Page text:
VANCOUVER - The red sea didn't part yesterday afternoon. It rose in a great wave of national elation.
The instant Sidney Crosby's overtime shot slipped between Ryan Miller's magic pads and into Canadian hockey lore, an arena - and, beyond it, a hockey-crazed city and nation - erupted in ruby-tinged joy.
One of the signs that swayed in the raucous Canada Hockey Center stands after the host nation's stirring 3-2 victory over the United States concluded the 2010 Winter Olympics' competition and gave the Canadians a record 14th gold medal read: "Hockey is Our Game".
And just in case there were any doubts, just in case anyone thought the United States was about to borrow or steal it, Crosby's goal, off a lightning pass from Jarome Iginla, emphatically confirmed that article of faith.
Long after Canadian players had gold medals draped around their perspiring necks, the streets of Vancouver shook with excitement. Flags, voices, and spirits were raised in a riotous celebration that extended deep into the night.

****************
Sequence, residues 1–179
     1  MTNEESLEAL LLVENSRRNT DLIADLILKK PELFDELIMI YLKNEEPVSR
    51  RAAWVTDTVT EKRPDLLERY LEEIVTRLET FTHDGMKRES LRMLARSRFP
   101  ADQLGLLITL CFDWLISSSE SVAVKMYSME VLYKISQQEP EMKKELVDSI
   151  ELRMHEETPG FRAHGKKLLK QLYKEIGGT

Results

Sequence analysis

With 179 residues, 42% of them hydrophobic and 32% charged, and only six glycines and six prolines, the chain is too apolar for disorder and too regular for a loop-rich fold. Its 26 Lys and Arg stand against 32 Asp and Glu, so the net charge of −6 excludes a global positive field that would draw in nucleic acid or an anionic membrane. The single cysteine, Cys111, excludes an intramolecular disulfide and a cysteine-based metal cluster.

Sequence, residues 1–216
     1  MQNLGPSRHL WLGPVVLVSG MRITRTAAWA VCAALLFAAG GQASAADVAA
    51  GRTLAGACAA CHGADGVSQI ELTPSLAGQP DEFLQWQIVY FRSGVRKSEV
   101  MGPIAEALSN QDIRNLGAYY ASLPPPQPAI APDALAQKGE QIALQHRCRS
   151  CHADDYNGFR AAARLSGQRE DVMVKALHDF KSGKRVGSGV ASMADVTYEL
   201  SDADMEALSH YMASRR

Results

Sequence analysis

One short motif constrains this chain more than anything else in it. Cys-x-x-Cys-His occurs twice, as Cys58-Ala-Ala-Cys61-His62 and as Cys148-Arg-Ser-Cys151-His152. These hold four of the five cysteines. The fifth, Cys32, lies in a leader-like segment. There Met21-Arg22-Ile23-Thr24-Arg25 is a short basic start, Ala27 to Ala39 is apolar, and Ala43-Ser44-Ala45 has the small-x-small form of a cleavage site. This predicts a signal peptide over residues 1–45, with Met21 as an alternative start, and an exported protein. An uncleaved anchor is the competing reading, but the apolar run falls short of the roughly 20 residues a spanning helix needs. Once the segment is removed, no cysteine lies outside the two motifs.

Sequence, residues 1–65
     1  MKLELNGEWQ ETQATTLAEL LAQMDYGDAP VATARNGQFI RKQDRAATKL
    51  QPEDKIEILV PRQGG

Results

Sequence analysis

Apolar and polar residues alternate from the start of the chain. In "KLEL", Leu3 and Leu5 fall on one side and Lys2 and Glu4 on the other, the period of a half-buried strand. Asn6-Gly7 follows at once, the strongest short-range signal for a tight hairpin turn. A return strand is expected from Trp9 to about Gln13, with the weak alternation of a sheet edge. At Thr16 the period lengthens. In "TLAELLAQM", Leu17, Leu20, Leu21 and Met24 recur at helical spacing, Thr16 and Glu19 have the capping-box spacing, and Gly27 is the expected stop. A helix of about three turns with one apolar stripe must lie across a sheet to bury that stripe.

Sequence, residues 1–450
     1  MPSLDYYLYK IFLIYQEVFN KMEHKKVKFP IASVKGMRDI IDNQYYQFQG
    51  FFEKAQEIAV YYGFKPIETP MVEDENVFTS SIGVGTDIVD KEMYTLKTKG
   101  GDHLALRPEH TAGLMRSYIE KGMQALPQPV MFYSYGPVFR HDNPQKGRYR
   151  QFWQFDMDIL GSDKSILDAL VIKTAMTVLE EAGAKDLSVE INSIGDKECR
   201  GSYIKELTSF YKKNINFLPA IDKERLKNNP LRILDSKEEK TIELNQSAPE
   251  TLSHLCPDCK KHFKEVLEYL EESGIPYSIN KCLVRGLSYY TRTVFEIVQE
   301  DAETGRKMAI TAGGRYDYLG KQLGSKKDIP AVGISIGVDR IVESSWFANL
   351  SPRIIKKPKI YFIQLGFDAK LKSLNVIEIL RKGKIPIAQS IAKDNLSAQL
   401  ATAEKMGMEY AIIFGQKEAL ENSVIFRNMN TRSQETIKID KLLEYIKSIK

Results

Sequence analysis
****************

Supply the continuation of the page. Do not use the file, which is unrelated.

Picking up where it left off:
The noise inside the building, and the festivities outside, likely were intensified by the game's drama and by the frightening fact that the rapidly improving Americans very nearly beat the Canadians at their own game on their home soil.
Playing cautiously with the one-goal lead it had held for nearly 35 minutes, Canada surrendered the tying goal with just 24.4 seconds left in regulation.
Zach Parise took a puck that had bounded off captain Jamie Langenbrunner's skate and pushed it past Roberto Luongo, the hometown hero whose every save triggered lusty cries of "LUUUUUU!"
Then, nearly eight minutes into overtime, with Miller, who would be named the tournament's MVP, standing on his head against relentless Canadian pressure, Iginla got the puck in the corner to the hot goalie's right.
With defensemen bearing down, the Calgary Flames gunner flashed a pass to Crosby, the successor to Gordie Howe and Wayne Gretzky, both of whom were in attendance, as Canadian hockey's greatest active hero.
The Pittsburgh Penguins superstar unleashed a bullet that found the U.S. goalie's five-hole.